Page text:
Tiny Bach Concerts Episode 4: Remarks by Paul Walker (University of Notre Dame), performance by Kola Owolabi (University of Notre Dame)
Johann Sebastian Bach first made his name as an organist, and, although his career later took him well beyond this specialty, he continued to engage with the instrument for the rest of his life. Furthermore, his contemporaries all recognized that his organ works, and his own performance of them, put him head and shoulders above all others of his day, to the extent that complaints were heard that no one but Bach himself could play this music. Organ composition spans his entire career. Long after he died, these works played a major role in the so-called Bach Revival of the nineteenth and twentieth centuries, and they remain central today to organ recitals and degree programs world-wide.
All of this notwithstanding, Bach aspired from his earliest years to more than just organist positions. He got his chance halfway through his time as court organist in Weimar, when he leveraged an external job offer to obtain a promotion to the post of Vice-Kapellmeister and thereby added to his portfolio the composing of a monthly church cantata. Once he left Weimar in 1717, Bach never again held an organist post, and a large percentage of his organ works were already written by this time. Probably among the last to be composed before he moved on is his trio setting of the Lutheran chorale Allein Gott in der Höh sei Ehr, BWV 664. The chorale on which it is based is one of Lutheranism’s very oldest. Its textual basis is a metrical rendering of the ancient Latin chant Gloria in excelsis Deo, its melody an adaptation of a thirteenth-century Gregorian Gloria.
Bach’s trio is part of a group of chorale settings from the Weimar years that he revised during his later tenure in Leipzig and personally hand-copied into a single manuscript. He gave this group of pieces no title, nor is it at all clear that they were ever conceived as a coherent set. For a very long time the group was understood to number eighteen and was known by the title The Great Eighteen in recognition of the pieces’ ambitiousness. Then a number of years ago the well-known Bach scholar Christoph Wolff argued convincingly that one of the settings did not really belong, at which point The Great Seventeen just didn’t have the same ring to it, so, although the traditional title is still often encountered, the expression The Leipzig Chorales has been gaining in favor, even though all of the pieces were written long before Bach got to Leipzig and many of them, including the one you are about to hear, remain largely as Bach first conceived them.
In 1713 one of the two ducal brothers who ruled the Weimar court returned from a trip to Holland with a copy of Antonio Vivaldi’s set of violin concertos entitled L’Estro harmonico, Op. 3, which had been published shortly before. From that time forward Bach insisted that his encounter with this collection changed his compositional life by showing him what architectural logic could look like in music, more especially what could be made of the system of harmony, established around 1700 by Italian musicians, that we know as tonal harmony. This system, based on chordal relationships pegged to the circle of fifths that provide a means to balance variety with coherence, is still with us today. Bach spent his last years in Weimar exploring the possibilities inherent in this new approach to harmony and its implications for larger-scale structure.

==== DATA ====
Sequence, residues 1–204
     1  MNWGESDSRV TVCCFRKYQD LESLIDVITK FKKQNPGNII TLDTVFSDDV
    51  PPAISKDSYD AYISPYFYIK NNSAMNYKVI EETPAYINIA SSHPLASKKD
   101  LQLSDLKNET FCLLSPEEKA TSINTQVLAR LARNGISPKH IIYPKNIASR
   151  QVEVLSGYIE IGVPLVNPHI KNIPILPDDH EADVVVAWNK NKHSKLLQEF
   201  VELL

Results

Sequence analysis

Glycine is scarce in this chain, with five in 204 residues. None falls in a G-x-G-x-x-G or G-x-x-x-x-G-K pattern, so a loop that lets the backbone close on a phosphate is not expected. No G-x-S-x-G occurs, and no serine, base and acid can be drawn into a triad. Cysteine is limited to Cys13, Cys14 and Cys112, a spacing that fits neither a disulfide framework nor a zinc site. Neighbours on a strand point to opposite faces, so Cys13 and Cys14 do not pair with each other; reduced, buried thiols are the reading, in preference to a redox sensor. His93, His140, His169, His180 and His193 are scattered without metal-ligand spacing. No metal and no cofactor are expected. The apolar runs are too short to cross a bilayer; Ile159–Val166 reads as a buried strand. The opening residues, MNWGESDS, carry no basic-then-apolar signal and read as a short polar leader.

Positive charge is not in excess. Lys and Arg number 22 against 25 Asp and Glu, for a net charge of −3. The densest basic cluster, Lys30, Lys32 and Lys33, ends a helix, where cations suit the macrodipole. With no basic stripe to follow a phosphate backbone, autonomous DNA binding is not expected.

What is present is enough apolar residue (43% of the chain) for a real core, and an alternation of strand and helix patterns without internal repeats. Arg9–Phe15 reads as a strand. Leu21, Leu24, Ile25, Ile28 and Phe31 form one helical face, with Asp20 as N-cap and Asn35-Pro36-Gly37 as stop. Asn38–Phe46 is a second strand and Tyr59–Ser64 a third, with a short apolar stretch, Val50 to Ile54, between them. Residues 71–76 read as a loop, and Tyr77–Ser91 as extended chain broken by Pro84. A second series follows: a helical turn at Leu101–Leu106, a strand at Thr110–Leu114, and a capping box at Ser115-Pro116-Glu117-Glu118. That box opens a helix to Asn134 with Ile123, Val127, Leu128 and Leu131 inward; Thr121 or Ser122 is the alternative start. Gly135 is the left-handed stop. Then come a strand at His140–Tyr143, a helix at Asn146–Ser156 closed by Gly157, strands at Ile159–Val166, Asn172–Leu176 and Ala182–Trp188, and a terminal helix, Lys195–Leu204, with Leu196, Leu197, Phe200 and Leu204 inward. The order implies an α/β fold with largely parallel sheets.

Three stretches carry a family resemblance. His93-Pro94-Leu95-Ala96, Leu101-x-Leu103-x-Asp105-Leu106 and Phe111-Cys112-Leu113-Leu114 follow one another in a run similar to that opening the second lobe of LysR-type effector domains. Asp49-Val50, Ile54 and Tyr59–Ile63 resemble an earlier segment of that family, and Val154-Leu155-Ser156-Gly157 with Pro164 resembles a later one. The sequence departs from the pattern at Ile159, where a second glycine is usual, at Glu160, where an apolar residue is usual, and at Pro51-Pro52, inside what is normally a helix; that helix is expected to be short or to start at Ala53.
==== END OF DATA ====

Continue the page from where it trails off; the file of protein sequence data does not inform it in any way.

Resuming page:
The trio setting of Allein Gott was clearly among those experiments. The piece travels through a veritable laboratory of related keys and modulations, all in impeccably logical fashion. Its texture likewise derives from contemporary Italian music, the so-called trio sonata for two violins and bass. Bach divides the two high parts between the hands while the feet play the bass line. Most of the thematic material is drawn from the opening eight-note phrase of the chorale, which appears in three different guises: in fast-moving sixteenth notes at the very beginning in the right hand, where the tune’s eight notes are placed as the first of each group of four; in medium-speed eighth notes, played three times in the pedal; and, at the end, in slower quarter notes without interpolations, also in pedal. Our trio includes two notable instances of repetition: a significant segment in the middle of the piece, beginning with arpeggiated figures in the two hands, recurs verbatim, after a brief modulatory interlude, in a different key, and a variant of the opening measures returns toward the end to introduce the slow chorale statement.
The two Weimar dukes were very fond of Bach’s organ playing, and he no doubt played most if not all of these Weimar-Leipzig chorale settings expressly for them. Playing this piece now for you is Kola Owolabi, professor of organ at the University of Notre Dame. The instrument, in the DeBartolo Performing Arts Center on the university campus, is modeled on German organs of Bach’s own time by the American builder Paul Fritts.